Another important but imperfectly understood problem is that influenza vaccines seem to lose effectiveness relatively fast. A study published last month in the journal Clinical Infectious Diseases examined data from seven flu seasons and found that the effectiveness of the flu vaccine waned by 16 percent every four weeks after the vaccine was delivered. So if you get the shot in October, you won’t be as strongly protected in December as you were in November. The study is just one of several concluding that the more time has elapsed since a flu vaccination, the less protection it offers, said Marc Lipsitch, a professor of epidemiology at the Harvard T.H. Chan School of Public Health who wrote an editorial that accompanied the paper. But these studies all share methodological flaws, he said: Calculating a flu vaccine’s effectiveness is a difficult challenge. “As a scientist, I would say we don’t really know yet.”

When I spoke with him Wednesday, Lipsitch said he happened to have a doctor’s appointment that day, but he wasn’t planning to get a flu shot just yet. “I’ll probably wait a month or two,” he said. “I consider the evidence, flawed though it is, convincing enough that I think there’s almost certainly no harm in waiting.” That is, unless putting it off means that you never get around to the vaccine, he said. In other words, if you’re a procrastinator like me, it’s probably better to get it when it’s in front of you than to assume you’ll get around to it later.

But the places that offer vaccines could help by adjusting their timing. (My local pharmacy started offering it in August.) To that end, the CDC’s Advisory Committee on Immunization Practices recently changed its recommendations on timing to say not to get it as soon as it’s available, but to get it by the end of October, Osterholm said. It might seem easy to just wait until the season has started to get the vaccine, but it takes about two weeks to build immunity, so waiting too long could easily backfire. Getting the timing right is “kind of like surfing the big waves of Maui,” Osterholm said. “Too far forward, you’re dead. Too far back and you’re dead.” Osterholm said the past 10 flu seasons — except for the 2009 pandemic — all started in mid- to late December, which makes October a pretty safe bet.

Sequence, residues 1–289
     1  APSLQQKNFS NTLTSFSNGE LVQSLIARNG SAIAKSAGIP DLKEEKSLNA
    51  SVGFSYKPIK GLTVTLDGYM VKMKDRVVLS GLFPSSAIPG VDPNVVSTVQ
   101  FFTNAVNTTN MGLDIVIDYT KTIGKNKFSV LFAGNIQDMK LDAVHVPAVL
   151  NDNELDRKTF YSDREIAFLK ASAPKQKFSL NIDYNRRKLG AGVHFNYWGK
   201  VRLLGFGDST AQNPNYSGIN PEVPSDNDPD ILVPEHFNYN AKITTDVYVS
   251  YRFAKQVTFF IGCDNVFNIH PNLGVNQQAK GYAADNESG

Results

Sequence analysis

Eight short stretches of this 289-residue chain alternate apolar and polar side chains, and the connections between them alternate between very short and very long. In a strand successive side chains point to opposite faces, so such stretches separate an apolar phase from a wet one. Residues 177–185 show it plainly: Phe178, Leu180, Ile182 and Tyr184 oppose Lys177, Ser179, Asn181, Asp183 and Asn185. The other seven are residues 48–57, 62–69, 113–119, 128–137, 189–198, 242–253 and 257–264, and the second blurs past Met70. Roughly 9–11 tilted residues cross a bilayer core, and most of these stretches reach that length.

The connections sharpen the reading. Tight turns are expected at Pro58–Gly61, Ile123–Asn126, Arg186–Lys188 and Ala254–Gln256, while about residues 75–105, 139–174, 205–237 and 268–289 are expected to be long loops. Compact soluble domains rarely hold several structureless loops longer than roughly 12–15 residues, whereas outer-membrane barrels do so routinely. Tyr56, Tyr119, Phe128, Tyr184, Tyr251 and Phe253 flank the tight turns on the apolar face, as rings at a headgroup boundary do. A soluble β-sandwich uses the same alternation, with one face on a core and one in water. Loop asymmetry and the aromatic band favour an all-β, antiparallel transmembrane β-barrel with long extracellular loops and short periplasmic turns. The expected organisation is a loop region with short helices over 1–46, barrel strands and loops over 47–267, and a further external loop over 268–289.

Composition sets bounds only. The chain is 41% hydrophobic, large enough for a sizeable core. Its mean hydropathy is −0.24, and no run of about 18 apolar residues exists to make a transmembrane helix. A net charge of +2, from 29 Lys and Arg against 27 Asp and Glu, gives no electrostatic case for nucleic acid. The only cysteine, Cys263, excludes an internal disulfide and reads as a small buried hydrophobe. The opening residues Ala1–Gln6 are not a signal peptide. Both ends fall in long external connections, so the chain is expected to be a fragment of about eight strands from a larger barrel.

Ultimately, though, what we really need is a better vaccine. The most recent iterations are “not the vaccine we need for the future,” Osterholm said. In 2012, Osterholm was part of a group that put out a report that called for prioritizing the search for a universal vaccine, one that could be given less often and remain effective across a wide range of flu strains. It’s a major challenge, but Osterholm said we’re inching closer. “When we put out that report, it was like shouting into the Grand Canyon. Now we’re seeing substantial investments in both money and intellect.”

Earlier this year, the National Institute of Allergy and Infectious Diseases released a strategic plan for developing a universal flu vaccine that would be at least 75 percent effective, protect against two of the major groups of influenza viruses, provide protection that lasts at least a year and be suitable for people of all ages. Achieving this goal will take years, and the clock is ticking. It’s only a matter of time before another pandemic strikes. In that case, a universal vaccine is our best defense.

Christie Aschwanden was a lead science writer for FiveThirtyEight. Her book “Good to Go: What the Athlete in All of Us Can Learn from the Strange Science of Recovery” is available here.